And you can't get any more ornate than the prose in Suarez Strikes Again: The nasty, greedy goals of the Liverpool FC attacker.
It takes a huge bounce; Suarez bears down; Stoke defender Marc Wilson rises like a startled pheasant and tries to head it back to his goalkeeper, Jack Butland. The header is too weak; the ball drifts; Suarez scuttles past Wilson, his eyes raised and goal-drool already shining on his chin. Stoke leg-breaker Ryan Shawcross lurches across, droning with imminent damage, but his attempt to sweep the ball away from the Suarez of the present turns out to be a neat pass to the Suarez who lives two seconds into the future—who jinks, gathers, fends off a half-hearted embrace from Shawcross, and with his first touch slides the ball under Butland’s out-flung left leg. The back of the net receives it with a sigh. Butland tastes grass and ashes, Shawcross looks blackly at Wilson, Wilson’s face is a potato of disbelief. And Suarez arcs away, rejoicing.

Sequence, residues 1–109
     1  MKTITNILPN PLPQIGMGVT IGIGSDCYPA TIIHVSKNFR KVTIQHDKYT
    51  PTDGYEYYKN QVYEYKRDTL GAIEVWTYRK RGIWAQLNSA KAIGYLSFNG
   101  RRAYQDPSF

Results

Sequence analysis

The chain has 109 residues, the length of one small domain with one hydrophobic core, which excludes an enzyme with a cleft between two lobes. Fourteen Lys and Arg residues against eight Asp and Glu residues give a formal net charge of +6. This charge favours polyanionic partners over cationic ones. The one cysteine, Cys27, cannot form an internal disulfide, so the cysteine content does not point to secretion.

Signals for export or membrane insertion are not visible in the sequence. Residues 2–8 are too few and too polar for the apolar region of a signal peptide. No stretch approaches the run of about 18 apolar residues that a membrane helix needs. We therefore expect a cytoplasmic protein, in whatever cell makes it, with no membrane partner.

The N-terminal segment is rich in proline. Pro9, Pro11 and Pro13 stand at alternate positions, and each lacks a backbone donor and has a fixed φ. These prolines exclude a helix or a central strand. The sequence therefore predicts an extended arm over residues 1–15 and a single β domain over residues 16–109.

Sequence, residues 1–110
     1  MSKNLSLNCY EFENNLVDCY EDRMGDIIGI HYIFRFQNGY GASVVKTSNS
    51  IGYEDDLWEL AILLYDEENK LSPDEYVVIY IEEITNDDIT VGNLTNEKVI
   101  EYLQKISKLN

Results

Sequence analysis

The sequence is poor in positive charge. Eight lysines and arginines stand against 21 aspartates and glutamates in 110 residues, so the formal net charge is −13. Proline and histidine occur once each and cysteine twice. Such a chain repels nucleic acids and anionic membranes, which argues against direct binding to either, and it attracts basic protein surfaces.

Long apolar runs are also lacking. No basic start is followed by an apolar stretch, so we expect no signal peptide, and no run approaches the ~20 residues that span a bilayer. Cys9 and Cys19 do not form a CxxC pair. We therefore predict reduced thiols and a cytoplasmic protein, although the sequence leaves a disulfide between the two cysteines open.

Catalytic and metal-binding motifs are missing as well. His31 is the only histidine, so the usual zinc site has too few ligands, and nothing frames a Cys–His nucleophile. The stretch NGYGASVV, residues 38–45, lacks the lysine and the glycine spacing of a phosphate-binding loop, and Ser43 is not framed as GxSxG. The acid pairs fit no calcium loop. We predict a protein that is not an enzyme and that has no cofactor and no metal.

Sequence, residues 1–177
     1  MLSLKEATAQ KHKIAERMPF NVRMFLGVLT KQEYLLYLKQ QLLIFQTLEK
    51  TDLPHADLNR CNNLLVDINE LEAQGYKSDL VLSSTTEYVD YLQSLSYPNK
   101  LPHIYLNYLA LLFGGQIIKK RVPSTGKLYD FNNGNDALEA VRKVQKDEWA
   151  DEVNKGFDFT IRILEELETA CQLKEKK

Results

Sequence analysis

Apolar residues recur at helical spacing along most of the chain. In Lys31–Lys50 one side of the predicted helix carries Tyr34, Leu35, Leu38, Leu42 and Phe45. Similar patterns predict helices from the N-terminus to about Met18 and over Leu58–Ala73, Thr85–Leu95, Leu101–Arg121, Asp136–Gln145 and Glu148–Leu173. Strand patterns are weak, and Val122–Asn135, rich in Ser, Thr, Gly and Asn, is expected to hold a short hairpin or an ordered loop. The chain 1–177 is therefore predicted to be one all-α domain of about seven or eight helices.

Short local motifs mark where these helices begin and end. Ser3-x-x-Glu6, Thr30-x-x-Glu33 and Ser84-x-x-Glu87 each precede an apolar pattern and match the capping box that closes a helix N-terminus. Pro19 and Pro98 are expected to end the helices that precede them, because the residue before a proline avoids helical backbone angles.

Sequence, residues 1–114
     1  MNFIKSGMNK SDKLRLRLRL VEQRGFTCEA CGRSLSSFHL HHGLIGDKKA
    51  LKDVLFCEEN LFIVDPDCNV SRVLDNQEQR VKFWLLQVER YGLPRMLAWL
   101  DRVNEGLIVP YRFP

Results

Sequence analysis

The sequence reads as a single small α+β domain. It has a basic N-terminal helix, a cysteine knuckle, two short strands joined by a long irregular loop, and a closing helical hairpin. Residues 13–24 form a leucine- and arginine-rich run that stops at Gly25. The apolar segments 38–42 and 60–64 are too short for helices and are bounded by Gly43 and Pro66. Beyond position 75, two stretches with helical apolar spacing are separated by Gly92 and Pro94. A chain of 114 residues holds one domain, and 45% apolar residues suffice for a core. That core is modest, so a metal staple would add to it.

A "potato of disbelief"? I don't know.
But I do like "droning with imminent damage," and "the Suarez who lives two seconds into the future." Nearly perfect.